20 Interesting Betta Fish Facts To Better Know Your Betta
Initially discovered in Southeast Asia and originally inhabiting flood plains, drainage ditches and rice paddies, the beautifully colored Betta fish is often kept as an aesthetic decoration in homes and offices. Also known as the Siamese fighting fish and 'The Jewel of the Orient', they are quite popular as aquarium pets, and require rather low maintenance and care. Most people know very little about the nature and characteristic of these multi-colored fish. Here are 20 interesting facts about Betta fish that will make you love and appreciate them, and perhaps even want to own some of your own.
If you enjoy this list you might enjoy learning about some of the weirdest animals in the world. And no, the Betta isn't one of them!
Male Bettas Often Flare At Each Other To Establish Dominance
When Bettas feel threatened they tend to flare by sticking out their gill covers and letting out the operculum, which looks like a big, black beard. This is their way of establishing dominance, but takes a big toll on the fish. Usually it's the males who flare, but the females of the species have been known to flare up as well when threatened.
The Betta Courtship Ritual Is Aggressive
This species of fishes lay eggs and go for an amazing courtship which looks more or less like a battle between the male and the female. This happens because before the actual courtship takes place, the female and the male will fight for the same territory. You might call this a real battle of the sexes!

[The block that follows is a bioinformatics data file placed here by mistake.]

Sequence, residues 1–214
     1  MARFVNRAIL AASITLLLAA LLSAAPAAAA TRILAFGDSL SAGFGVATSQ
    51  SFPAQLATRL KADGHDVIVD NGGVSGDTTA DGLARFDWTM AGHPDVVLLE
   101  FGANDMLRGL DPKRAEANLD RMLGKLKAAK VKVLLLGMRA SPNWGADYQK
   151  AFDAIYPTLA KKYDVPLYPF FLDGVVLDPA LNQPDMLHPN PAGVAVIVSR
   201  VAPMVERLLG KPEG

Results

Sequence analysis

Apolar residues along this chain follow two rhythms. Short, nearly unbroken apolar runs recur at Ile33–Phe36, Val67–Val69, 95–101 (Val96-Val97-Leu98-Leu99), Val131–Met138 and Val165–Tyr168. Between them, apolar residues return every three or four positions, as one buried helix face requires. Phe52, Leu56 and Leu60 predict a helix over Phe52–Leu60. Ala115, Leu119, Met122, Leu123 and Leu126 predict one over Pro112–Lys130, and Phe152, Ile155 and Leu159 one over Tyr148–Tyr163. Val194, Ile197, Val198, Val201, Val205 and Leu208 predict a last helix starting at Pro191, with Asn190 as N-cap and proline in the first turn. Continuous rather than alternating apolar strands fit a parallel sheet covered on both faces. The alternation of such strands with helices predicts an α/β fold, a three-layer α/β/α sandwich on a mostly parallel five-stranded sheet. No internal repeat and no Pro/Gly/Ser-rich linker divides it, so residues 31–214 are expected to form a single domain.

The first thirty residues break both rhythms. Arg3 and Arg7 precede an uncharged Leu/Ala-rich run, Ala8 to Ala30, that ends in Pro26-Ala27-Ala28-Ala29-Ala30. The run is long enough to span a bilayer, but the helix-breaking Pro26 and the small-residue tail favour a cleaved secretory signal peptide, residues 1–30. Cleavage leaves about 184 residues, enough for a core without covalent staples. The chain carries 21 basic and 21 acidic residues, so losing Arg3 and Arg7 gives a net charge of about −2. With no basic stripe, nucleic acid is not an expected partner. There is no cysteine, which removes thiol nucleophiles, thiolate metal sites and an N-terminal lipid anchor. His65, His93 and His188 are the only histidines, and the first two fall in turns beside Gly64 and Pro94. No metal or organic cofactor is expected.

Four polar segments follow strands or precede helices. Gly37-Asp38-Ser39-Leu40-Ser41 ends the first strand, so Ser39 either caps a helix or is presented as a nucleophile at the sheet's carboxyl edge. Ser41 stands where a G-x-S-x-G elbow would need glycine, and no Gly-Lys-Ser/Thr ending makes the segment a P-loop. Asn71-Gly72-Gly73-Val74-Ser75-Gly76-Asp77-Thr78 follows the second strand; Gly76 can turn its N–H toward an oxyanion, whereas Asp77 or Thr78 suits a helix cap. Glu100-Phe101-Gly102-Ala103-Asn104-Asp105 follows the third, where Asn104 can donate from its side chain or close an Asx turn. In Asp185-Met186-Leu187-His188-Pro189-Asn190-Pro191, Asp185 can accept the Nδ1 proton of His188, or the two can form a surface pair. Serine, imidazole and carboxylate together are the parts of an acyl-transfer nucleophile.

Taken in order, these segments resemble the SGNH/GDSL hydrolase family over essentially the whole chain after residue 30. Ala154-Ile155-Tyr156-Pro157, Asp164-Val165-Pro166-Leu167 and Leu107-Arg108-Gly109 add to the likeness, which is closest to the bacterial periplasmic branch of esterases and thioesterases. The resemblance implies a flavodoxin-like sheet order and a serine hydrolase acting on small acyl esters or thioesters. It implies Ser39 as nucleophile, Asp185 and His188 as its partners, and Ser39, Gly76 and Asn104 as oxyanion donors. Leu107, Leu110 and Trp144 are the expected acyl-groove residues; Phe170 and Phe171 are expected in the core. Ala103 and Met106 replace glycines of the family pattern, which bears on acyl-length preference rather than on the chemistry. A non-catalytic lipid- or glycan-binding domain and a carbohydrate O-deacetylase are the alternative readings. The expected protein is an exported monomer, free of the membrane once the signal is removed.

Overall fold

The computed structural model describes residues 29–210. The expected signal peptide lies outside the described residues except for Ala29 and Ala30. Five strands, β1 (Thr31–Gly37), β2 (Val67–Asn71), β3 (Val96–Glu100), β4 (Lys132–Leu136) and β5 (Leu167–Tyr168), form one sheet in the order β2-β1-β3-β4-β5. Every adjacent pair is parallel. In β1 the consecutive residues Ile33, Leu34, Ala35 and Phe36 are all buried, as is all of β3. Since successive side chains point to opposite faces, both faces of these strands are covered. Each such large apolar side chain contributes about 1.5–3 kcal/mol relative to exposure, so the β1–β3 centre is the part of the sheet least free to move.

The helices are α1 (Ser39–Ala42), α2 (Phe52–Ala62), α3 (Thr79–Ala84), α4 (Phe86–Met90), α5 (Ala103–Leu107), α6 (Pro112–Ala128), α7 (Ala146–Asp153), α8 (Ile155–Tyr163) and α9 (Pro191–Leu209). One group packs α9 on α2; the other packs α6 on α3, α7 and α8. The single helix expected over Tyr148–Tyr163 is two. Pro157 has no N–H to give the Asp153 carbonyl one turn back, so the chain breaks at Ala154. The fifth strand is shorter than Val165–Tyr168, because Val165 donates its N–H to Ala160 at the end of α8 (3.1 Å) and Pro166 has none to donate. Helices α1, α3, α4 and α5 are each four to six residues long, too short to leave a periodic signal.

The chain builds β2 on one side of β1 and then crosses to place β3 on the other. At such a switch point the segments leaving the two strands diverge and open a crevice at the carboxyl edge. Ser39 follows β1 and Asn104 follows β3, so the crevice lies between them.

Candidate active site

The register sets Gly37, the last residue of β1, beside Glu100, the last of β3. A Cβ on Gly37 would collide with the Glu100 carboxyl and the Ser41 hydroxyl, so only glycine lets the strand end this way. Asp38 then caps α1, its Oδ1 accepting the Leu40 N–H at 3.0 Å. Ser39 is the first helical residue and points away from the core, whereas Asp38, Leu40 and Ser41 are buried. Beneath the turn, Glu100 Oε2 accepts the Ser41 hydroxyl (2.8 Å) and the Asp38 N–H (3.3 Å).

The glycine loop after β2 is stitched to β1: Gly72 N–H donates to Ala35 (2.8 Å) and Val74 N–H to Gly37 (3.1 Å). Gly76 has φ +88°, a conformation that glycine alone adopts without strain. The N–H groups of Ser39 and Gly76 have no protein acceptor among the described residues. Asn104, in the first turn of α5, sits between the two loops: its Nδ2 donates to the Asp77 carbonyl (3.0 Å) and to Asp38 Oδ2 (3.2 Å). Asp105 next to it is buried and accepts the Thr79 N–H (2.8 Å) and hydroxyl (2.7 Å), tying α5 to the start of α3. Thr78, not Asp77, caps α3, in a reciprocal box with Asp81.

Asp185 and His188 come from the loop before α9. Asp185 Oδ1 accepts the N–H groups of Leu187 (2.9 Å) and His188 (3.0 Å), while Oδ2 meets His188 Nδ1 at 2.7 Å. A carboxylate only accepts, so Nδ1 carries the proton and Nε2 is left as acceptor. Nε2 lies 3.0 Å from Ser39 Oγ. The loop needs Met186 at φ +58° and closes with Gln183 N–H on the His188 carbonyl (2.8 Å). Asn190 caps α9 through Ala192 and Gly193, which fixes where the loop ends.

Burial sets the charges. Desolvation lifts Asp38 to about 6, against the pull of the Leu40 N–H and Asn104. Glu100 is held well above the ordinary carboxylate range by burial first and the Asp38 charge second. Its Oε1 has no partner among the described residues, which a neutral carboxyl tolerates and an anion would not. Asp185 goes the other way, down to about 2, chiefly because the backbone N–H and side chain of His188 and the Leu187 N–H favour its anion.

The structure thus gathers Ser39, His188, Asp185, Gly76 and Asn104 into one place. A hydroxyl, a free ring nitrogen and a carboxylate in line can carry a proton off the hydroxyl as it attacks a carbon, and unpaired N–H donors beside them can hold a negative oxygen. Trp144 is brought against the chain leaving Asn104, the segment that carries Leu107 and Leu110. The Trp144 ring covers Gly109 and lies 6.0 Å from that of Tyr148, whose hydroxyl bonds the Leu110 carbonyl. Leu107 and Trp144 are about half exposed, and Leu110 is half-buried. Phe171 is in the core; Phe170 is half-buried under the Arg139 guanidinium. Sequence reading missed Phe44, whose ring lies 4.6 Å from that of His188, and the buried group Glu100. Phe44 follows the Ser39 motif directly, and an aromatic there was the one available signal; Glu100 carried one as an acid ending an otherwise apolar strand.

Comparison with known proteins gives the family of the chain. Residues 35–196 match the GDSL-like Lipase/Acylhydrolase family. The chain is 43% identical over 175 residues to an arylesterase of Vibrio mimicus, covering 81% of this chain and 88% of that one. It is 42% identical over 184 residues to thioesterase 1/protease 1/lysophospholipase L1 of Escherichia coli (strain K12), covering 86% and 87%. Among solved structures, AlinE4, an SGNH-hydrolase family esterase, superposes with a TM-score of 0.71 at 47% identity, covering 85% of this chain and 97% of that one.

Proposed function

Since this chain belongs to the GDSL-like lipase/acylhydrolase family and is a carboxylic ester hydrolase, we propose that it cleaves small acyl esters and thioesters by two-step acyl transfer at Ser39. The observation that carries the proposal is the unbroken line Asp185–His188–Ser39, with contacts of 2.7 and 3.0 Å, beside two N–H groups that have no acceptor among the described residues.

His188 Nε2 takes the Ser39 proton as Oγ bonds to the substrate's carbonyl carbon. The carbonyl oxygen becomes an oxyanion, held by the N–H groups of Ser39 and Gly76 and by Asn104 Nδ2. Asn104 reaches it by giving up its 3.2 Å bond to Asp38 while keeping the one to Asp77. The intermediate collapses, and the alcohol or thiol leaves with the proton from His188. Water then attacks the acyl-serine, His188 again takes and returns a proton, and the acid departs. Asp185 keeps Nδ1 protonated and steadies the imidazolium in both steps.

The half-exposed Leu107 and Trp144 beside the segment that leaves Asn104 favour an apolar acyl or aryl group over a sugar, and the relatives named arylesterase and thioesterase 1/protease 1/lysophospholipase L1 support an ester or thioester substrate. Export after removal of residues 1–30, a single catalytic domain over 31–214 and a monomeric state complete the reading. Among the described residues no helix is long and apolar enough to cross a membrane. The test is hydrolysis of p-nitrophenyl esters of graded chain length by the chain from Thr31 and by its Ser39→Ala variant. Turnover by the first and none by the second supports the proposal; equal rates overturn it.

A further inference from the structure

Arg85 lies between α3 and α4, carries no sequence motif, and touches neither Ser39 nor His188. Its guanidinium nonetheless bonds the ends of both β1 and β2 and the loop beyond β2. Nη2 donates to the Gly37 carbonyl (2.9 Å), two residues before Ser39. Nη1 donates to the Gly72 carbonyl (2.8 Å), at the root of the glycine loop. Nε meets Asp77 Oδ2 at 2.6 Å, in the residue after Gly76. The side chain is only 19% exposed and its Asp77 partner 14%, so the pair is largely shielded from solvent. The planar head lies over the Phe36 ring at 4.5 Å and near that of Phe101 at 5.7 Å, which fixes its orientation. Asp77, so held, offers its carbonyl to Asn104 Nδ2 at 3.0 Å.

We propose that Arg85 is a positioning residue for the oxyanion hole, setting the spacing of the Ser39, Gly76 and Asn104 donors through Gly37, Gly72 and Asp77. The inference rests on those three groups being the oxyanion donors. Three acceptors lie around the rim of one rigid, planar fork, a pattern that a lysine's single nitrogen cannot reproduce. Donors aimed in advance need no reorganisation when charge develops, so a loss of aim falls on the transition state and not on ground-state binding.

Siamese Fighting Fish Can Live Up To 9 Years, In Optimal Conditions
Although on average Bettas live around 2-3 years, they can live as long as 9 years when the water conditions are good and they go through regular exercise. This is an extremely long life span compared to other fish species.
The Males Of The Species Are Extremely Territorial
Ironically the male Betta fish behave in an extremely alpha way when around other aggresive fish of any kind, in particular other Betta males. They are highly territorial and have been known to fight until they kill, or are killed, by their opponents in order to protect their territory. This is the reason Bettas are often placed in secluded tanks at pet stores, or at the most with other, more docile fish - and you'll never find two Betta males in the same fish tank.
Upturned Mouth Structure
A fish's lifestyle is greatly determined by the positioning of its mouth. Downward-facing mouths, such as those found on Catfish and other bottom-dwelling fish, enable them to feed near the ground, from sand, rock surfaces, etc.
Betta fish have upturned mouths, a position known as the 'superior mouth' when it comes to fish. It enables them to efficiently feed near the water's surface, allowing them to catch mosquito larvae and small insects from the floating vegetation.